Friday, December 25, 2009

Total economic collapse?

Or at least a Dow that will crash to well below it's recent worst back in March of this year. This, according to Robert Prechter, who bases his predictions on mathematical formulas which he developed from studying Ralph Nelson Elliot, an accountant and market forecaster from the 1930's.

Apparently his predictions are accurate — the changes in the market that he predicts do tend to happen — but they are generally off by several years.

I'm certainly no economist, and I don't have much to base this guess on other than instinct and what seems to me as common sense, but I have been convinced that the economic collapse we saw at the end of 2008 to the first quarter of 2009 was merely a hiccup. While it was framed as at the edge of a total global economic collapse, I don't really believe it was. Instead, I have believed that this is what would follow if we continued doing what we have been doing — (including, but not limited to) running huge trade deficits, exporting more manufacturing jobs than we're creating, relying heavily on a consumer-based economy, not significantly increasing our agrarian production, and allowing banks to operate largely unregulated.

One year later and nothing has really changed, except unemployment is a lot higher, millions of Americans have had their homes foreclosed, the nation is a lot farther in debt, and while we were told that many banks had simply become "too big to fail" (they were too big to exist, without question), they're even bigger now! Or as Andrew Ross Sorkin refers to it, they are "too big to fail²".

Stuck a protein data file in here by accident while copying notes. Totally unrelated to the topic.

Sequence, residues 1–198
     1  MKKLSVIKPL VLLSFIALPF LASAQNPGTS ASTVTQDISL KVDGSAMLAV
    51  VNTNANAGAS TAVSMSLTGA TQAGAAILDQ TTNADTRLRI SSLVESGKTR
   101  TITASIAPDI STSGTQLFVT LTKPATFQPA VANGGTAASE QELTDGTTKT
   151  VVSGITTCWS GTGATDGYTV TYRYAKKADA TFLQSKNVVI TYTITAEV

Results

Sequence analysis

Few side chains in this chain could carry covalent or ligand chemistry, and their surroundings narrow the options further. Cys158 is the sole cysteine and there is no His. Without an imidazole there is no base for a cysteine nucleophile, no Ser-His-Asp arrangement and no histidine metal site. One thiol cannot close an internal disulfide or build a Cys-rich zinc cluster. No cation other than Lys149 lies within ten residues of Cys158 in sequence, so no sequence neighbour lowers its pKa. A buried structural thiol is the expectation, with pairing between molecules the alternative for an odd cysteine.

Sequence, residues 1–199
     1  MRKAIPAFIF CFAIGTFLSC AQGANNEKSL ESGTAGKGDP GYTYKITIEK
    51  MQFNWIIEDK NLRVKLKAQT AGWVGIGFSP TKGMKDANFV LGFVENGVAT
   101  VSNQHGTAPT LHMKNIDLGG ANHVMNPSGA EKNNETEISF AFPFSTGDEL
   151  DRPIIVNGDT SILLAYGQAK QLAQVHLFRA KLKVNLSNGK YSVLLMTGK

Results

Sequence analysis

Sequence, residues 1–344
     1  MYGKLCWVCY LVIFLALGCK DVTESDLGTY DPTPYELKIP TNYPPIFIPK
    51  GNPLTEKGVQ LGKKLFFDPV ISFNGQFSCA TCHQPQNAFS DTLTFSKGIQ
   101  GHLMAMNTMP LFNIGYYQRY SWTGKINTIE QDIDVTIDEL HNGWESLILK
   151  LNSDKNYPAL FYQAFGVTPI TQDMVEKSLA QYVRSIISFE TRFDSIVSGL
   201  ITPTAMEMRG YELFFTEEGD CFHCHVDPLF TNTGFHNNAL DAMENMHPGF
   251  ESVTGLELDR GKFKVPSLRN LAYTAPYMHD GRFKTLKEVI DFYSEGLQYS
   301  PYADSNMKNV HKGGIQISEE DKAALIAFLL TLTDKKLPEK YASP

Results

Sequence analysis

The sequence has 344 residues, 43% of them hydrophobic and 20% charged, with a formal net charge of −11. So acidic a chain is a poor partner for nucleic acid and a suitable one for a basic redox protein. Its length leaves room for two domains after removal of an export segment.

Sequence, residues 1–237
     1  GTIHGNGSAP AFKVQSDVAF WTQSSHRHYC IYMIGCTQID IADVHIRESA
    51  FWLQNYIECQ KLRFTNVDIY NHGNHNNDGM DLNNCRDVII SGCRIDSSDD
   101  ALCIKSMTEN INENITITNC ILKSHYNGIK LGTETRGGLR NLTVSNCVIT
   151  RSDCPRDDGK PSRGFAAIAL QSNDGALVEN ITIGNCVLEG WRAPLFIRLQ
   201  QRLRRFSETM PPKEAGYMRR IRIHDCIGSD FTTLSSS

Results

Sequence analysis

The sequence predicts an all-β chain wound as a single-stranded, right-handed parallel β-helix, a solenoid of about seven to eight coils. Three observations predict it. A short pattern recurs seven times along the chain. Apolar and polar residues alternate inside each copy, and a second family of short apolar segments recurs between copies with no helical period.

Our solution seems to be to get back to massive, needless consumerism. Oh, and to inflate the next unsustainable bubble until it, too, pops. This is, of course, no sustainable solution at all. And so, we didn't just avoid economic Armageddon last year — economic Armageddon is still yet to come. And if it does it will be due not just to extreme greed, recklessness and corruption, it will also be due to the lack of competence and conviction of our political leaders and representatives.

Check out this article at TIME.

I also highly recommend checking out Charlie Rose's interview with Andrew Ross Sorkin from October 19 of this year. No direct link is available at the website, but you can find the interview at the website under the "Recent Shows" tab.

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